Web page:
Location: Your Home!
Players: We recommend 1-4
Price: $18 for the Prequel Pack (Reviewed here), $195 for the Standard Edition of The Labyrinth, and $275 for the Deluxe Edition (Fancy!)
Twists and turns
From the The Labyrinth Kickstater:
A crate full of unique physical puzzles, and the story of a lost civilization. Solve the puzzles. Find the treasure. Escape the maze. The Labyrinth is a unique multi-platform experience unlike any other – a combination of an escape room, puzzle hunt, mystery novel, and alternate reality game. You will receive a crate full of everything you need to participate in the challenge from the comfort of your home, including engaging physical hands-on puzzles, puzzle boxes, an online forum, models, photos, printed maps, tools, and ciphers. The goal of the challenge is to move through the rooms of a mythical labyrinth, solve the different clues in each room, and advance to the center. Each puzzle leads into the next, and to solve them all, you will need to think outside of the box!
The Labyrinth Puzzle Challenge appeared on Kickstarter in July, and was immediately intriguing. Promising to be filled with physical puzzles, and strange items, it certainly had my attention. After speaking with the creators, they asked if I’d be interested in trying out their prequel packet, which, of course I was!
I didn’t quite know what to expect going in to the Prequel Pack for The Labyrinth. I knew there would be a run of puzzles, and a few artifacts to toy with, but upon opening up the pack, I was immediately drawn to one item in particular. As I had opened the package a few days in advance, I was chided multiple times for puzzling over it before we were meant to begin working on the puzzles. It was just too cool not to play with! Of course, this item was solved well in advance, but luckily it wasn’t a timed experience, so I can’t be faulted for, say, not listening to the intro and starting to solve puzzles around an escape room. Which I’ve never done, definitely not. This is all to say that the tactile interactions that are included within this pack are great, and I always love when an original design like this is included within these sorts of games. Obvious care has been taken to ensure that each prop is not only well designed, but fits into the lore of the game, and at no point did I feel like any of the puzzles we were solving were included as filler or “because puzzle box.” I really enjoyed digging up the subtle lore of the adventure as we solved, and once we finished up the experience and checked our answers with the designers, a great denouement and lead in to the full adventure was included, further piquing my interest in the full Labyrinth experience.
The puzzles are a good taster for Ellusion Adventure Games design sensibilities, and I feel like their logical style flowed well throughout the experience. There was a complete freedom in what we would work on at any time, with a completely non-linear experience that directed towards one final meta-puzzle to tie everything together. The adventure was of a more advanced difficulty, and while we did have a few critiques here and there, the overall mystery was challenging without being obtuse or frustrating. There is some googling, and while that can be very hit or miss with us, the inclusion within this experience does present some nice “reality blending,” heightening immersion and keeping players engaged within the world-building. I think enthusiasts will have a lot of fun working through this set of puzzles, as it definitely appeals to those seeking a somewhat higher challenge, but the hint system is well set up to ensure that even those newer to the puzzling hobby will be able to have a good time solving at their own pace.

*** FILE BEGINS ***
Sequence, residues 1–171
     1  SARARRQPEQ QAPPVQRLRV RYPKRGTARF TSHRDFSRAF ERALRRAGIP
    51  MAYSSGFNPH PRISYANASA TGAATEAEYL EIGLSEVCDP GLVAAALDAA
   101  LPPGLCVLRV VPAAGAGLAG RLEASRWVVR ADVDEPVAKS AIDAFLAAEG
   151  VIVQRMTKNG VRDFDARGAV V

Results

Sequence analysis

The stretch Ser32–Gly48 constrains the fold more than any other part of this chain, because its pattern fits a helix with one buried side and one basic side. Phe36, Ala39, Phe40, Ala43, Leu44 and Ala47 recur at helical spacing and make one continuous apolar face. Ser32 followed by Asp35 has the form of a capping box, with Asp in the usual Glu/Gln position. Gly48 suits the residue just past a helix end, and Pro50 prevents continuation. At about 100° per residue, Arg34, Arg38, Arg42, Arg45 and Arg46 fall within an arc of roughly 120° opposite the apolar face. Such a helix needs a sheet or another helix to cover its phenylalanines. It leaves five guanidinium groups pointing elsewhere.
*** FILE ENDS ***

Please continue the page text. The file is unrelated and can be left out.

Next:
One particular puzzle could use a mite bit more direction. It feels like it could go several places, depending on how it is interpreted, so I didn’t really feel confident in the solve for a while. Eventually we got there, but it felt a little bit like we were guessing and checking rather than putting together the clues to come to a solution. One late game puzzle had several steps to follow, but the very first was somewhat vaguely worded, making the rest of the solve tenuous. A particular important item for this solve was also difficult to read, so it might help for future versions of this prop to be printed in a somewhat more high definition manner. One interaction is super cool, but wasn’t precise enough to direct us precisely, so there was a bit more guess and check involved with this item. The ending of the puzzle set wasn’t 100% clear to us, but I think that was more a symptom of these being prototypes, rather than the full experience, so I’m sure this will be clearer once everything has been finalized.
Also, the Goblin King doesn’t make an appearance. Wrong Labyrinth, I suppose.
The Labyrinth’s Prequel puzzles are very creative, and though there are a few spots that felt just a bit too vague, the experience is, on the whole, extremely creative and a blast to work through. It is especially cool to see how well designed the props, lore, and puzzles are for this ambitious project, and I look forward to seeing how Ellusion Adventure Games continues to evolve! I recommend checking out the prequel pack, and should that pique your interest, upgrade to the full adventure! Begin your journey into the Labyrinth here!
Full Disclosure: Ellusion Adventure Games provided a complementary sample pack.